By J. Gregory Miller
Published Online (2009)
Introduction: While sciences and the liberal arts often are seen at odds with each other, be it a “right brain” or “left brain” mentality, all too often studies in each field overlap, though sometimes not in the most obvious of methods. While at first it may seem that a Medieval blacksmith might have little to do with a Medieval musician, there can be drawn connections between the two seemingly unrelated fields of study. Often a Medieval blacksmith is stereotyped as a purveyor of death-dealing instruments of war, and the stereotyped Medieval musician contemplates the greatness of humanity. While admittedly both metallurgy and music can been seen as a form of art, were they directly impacting each other during the Middle Ages?
It is curious to see at the onset of the Middle Ages metal instruments were rare; however, within 450 years, the Renaissance exhibited some particularly glorious pieces to the brass instrument repertoire. Even still, metallurgy exhibited huge advances in methods and practice during the Middle Ages, advancing from ‘hole in the ground’ furnaces to advanced iron-smelting blast furnaces. With the rise of both the technological prowess of metalworking and the rise of metal instruments, it would seem prudent to ask: Did the advances in metallurgy during the Middle Ages have an impact on the proliferation and use of metal (brass) instruments in Western Art music?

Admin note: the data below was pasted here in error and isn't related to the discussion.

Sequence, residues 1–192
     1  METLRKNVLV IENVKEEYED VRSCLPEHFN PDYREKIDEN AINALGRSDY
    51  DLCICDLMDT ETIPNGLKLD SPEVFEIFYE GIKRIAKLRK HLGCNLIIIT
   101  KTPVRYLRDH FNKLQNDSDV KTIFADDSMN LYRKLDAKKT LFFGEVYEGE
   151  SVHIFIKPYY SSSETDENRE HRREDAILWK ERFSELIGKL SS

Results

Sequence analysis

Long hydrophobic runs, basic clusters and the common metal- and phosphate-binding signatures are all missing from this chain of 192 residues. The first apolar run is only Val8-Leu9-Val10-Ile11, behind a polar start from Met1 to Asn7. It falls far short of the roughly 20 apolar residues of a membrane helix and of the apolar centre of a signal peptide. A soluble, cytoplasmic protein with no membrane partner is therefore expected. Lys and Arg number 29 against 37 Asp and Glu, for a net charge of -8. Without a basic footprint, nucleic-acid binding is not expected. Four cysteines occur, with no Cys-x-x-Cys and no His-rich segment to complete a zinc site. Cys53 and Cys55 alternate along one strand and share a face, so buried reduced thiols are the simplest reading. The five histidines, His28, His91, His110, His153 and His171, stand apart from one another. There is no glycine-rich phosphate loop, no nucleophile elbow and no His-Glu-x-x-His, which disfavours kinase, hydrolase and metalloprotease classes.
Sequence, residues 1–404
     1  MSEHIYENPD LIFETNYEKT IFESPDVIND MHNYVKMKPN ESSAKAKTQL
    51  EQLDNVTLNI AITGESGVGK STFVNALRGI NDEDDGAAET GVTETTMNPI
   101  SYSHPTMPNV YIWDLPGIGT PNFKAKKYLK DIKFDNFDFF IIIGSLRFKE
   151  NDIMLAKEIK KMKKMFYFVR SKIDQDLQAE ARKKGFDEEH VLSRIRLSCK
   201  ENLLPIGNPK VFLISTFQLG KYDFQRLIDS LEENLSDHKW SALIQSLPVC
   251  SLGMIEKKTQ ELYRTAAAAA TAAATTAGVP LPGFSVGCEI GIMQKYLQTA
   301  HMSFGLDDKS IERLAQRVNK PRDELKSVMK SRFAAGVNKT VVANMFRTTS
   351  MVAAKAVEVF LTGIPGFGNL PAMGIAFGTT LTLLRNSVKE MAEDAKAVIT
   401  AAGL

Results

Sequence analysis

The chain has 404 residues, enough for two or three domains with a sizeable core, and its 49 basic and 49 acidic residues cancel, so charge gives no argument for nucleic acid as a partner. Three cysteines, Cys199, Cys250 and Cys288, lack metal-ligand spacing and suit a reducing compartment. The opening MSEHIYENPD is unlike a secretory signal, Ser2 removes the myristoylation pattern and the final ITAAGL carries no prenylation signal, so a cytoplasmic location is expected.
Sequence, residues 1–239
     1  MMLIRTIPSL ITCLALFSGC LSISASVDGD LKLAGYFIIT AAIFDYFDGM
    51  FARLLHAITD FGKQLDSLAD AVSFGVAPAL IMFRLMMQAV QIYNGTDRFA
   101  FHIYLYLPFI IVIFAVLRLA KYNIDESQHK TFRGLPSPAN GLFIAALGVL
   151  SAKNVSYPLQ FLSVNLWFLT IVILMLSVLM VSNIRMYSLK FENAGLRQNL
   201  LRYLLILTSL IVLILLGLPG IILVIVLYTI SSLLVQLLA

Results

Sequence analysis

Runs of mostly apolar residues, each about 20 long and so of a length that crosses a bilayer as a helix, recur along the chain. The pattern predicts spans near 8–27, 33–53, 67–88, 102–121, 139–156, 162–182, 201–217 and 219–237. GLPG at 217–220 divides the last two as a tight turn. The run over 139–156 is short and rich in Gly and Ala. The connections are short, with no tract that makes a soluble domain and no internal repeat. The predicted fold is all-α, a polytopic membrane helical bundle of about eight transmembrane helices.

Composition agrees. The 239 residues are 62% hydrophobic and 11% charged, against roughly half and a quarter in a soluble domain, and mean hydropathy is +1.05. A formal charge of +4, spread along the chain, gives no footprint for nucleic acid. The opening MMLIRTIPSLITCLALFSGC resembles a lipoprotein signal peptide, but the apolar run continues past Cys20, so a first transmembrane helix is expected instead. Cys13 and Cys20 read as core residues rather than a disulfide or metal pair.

The impact of metallurgy and brass instruments during the Middle Ages has not been extensively reviewed, seemingly as a result of the low number of iconographic sources and treatises on fabrication methodology.By examining the developments in metallurgy and mining, one can discover an additional aspect with regards to the development of the brass instruments. Unlike musical instruments such as stringed instruments, woodwinds, percussion, and the human voice, brass instruments require more advanced technology for the following reasons: 1. the principal material (various alloys of bronze and brass) is not naturally occurring; 2. metal is exponentially tougher to fashion than wood and cannot be done effectively by hand at room temperatures; and 3. the raw material (ores) can only be accessed from an exhaustive, expensive, and extremely labor-intensive mining process. For example, while a tree shaped as a lute may not exist in nature, the technology of the period, such as chisels and hammers, allowed easy manipulation of materials such as wood. Unlike wood instruments, brass instruments must be crafted through mining the raw materials then manipulating ores for the base material. The mining and refining processes exhibited great advances during the medieval period.